Bcrypt continues to be attacked and analyzed, and is showing no serious sign of weakness, 15 years later. This is good for the security of bcrypt. Scrypt however has seen less scrutiny, mostly due to its young age. However, it has been 5 years, and like bcrypt, no serious signs of weakness have been shown. By comparison, the SHA-2 family of functions was created in 2001, and has been scrutinized much more than bcrypt and scrypt combined, and also is not showing any serious signs of weakness. So, from a security standpoint, the SHA-2, bcrypt, and scrypt functions all seem to be fairly secure.

When looking at governing body standards, NIST has no paper on bcrypt or scrypt. They do recommend using PBKDF2 (another key derivation function (which I haven't explained here, but love)) for password storage, and NIST has standardized on SHA-2 for data integrity. Personally, while I like the ideas of bcrypt and scrypt, I would recommend sticking with the NIST recommendations with high iteration counts, as shown above. Until we see more standards boy interest in bcrypt and scrypt, IMO, you are taking a risk using them for password storage (less so for bcrypt than scrypt at least).

Finally, because of the newness of scrypt, there are less tools for its use in programming languages than bcrypt, and even more so for SHA-2. Further, most programming languages don't include either bcrypt or scrypt in their "standard library" of modules or functions, while SHA-2 is more generally found. And for those implementations, some 3rd party libraries are more trust worthy than others. Because you're dealing with password storage, it's critical you get this right.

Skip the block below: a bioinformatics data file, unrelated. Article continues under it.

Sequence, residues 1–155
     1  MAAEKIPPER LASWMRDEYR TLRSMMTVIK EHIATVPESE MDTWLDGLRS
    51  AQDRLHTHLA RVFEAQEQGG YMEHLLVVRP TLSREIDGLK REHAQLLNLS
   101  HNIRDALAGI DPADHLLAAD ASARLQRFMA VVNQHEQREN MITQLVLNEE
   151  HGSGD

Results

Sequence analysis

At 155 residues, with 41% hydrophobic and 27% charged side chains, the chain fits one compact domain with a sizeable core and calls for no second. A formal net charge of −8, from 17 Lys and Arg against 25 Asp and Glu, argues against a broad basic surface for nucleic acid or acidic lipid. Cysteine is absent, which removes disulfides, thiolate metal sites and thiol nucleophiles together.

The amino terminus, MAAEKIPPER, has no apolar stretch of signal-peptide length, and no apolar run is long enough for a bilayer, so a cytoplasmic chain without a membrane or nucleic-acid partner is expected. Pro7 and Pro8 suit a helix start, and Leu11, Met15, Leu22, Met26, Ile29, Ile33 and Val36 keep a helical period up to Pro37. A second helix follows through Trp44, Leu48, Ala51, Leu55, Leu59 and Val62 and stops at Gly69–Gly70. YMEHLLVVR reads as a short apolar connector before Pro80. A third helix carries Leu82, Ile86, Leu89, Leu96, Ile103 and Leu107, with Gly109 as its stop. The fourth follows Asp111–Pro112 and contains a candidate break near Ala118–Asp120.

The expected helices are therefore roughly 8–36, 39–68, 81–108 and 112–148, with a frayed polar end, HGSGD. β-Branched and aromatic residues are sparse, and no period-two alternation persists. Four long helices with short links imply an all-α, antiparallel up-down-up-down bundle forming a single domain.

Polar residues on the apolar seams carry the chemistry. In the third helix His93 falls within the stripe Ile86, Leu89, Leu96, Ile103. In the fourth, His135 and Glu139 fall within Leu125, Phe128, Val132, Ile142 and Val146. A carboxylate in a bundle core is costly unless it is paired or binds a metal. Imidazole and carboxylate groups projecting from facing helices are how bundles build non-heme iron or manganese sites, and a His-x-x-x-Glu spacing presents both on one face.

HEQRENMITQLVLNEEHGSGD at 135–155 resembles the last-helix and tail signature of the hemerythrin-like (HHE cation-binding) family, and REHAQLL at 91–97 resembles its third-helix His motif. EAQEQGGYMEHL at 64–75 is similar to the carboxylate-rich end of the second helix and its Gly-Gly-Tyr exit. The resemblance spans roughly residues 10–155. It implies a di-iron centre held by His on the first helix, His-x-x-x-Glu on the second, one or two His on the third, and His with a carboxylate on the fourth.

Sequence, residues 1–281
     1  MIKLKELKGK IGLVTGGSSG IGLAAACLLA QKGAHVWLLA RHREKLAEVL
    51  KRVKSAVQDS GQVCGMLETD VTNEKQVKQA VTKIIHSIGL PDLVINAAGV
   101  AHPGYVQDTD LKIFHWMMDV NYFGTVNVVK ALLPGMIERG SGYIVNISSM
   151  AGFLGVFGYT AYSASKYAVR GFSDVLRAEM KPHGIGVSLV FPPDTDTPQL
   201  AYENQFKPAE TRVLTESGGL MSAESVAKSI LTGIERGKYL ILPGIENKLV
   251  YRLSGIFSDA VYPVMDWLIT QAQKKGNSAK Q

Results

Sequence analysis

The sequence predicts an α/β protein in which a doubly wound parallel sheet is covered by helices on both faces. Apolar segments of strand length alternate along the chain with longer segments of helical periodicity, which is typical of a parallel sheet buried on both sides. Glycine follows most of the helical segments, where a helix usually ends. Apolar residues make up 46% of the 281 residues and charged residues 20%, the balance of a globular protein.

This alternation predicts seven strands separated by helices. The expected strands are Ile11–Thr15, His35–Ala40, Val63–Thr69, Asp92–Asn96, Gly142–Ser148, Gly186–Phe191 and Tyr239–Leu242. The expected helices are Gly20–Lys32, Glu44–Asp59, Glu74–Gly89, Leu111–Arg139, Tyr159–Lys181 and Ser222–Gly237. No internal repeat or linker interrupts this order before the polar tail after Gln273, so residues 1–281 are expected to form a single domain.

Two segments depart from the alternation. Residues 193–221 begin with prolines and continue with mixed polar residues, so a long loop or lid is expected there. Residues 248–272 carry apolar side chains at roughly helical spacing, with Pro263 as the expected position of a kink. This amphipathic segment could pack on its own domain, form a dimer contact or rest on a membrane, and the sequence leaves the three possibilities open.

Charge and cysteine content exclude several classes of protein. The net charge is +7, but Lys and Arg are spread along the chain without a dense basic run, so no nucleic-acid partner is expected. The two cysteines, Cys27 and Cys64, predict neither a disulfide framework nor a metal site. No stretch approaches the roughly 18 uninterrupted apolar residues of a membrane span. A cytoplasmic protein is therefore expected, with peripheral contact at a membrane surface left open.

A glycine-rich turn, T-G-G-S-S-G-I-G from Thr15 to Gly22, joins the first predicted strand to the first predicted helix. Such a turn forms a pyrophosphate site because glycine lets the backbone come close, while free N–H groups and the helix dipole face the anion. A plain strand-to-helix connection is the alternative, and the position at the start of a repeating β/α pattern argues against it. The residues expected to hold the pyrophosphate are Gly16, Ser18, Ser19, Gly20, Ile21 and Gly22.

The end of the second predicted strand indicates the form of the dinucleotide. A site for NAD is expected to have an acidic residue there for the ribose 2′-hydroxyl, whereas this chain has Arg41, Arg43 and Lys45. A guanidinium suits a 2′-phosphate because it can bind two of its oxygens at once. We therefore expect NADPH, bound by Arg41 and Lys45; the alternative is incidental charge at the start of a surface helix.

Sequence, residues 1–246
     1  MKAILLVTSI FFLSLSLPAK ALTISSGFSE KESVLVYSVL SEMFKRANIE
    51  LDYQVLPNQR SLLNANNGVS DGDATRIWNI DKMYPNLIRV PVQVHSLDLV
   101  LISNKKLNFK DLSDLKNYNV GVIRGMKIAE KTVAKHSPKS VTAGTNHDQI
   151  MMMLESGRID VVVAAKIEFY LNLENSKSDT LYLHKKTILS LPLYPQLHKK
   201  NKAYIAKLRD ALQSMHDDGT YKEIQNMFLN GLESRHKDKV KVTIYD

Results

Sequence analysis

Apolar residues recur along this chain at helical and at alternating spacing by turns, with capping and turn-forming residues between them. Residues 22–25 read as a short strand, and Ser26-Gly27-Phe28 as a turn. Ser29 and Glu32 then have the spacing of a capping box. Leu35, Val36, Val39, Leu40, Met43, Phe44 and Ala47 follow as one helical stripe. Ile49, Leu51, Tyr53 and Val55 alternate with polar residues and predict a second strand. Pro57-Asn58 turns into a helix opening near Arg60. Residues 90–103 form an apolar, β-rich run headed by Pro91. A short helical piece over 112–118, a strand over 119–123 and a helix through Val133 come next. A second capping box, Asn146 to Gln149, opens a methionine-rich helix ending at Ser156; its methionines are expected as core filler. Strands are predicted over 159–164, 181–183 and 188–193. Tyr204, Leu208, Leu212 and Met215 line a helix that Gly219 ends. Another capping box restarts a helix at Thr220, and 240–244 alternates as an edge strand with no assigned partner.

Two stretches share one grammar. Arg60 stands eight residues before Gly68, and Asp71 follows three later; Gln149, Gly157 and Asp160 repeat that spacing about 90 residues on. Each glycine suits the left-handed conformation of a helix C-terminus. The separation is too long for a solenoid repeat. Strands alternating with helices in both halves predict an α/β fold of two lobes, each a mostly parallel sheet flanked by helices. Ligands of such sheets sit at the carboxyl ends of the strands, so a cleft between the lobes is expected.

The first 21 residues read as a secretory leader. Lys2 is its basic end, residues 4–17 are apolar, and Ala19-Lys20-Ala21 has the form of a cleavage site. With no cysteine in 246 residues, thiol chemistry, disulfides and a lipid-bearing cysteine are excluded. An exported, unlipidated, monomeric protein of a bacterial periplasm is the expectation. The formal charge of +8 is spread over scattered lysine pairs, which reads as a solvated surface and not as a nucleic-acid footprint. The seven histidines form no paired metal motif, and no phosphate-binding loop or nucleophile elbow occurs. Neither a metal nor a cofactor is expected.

While I love the algorithms behind bcrypt and scrypt, I've always advocated for using high iterative counts on the SHA-2 or PBKDF2 functions. Even further is the advocating of teaching people how to understand the concepts behind their password entropy, and improving their own online security. That is the weakest link, and needs the most work, IMO.

So, if you ask me, I'll tell you to use either PBKDF2 or SHA-2 with high iterative counts. Or, if you must absolutely use bcrypt, then I'll recommend that you use scrypt instead.

Super Size The Strength Of Your OpenSSH Private Keys

In a previous post, about 18 months ago, I blogged about how you can increase the strength of your OpenSSH private keys by using openssl(1) to convert them to PKCS#8 format. However, as of OpenSSH verison 6.5, there is a new private key format for private keys, as well as a new key type. The new key type is ed25519. Without going into the details of the strengths of ed25519 over RSA, I do want to identify a new encryption method for your private keys.